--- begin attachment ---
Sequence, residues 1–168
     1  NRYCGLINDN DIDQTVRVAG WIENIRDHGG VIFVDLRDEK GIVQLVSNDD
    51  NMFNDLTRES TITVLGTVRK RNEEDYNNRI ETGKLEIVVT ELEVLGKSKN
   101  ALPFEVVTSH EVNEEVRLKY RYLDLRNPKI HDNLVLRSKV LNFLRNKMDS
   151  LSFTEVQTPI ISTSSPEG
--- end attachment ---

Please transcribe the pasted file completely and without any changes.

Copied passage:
Sequence, residues 1–168
     1  NRYCGLINDN DIDQTVRVAG WIENIRDHGG VIFVDLRDEK GIVQLVSNDD
    51  NMFNDLTRES TITVLGTVRK RNEEDYNNRI ETGKLEIVVT ELEVLGKSKN
   101  ALPFEVVTSH EVNEEVRLKY RYLDLRNPKI HDNLVLRSKV LNFLRNKMDS
   151  LSFTEVQTPI ISTSSPEG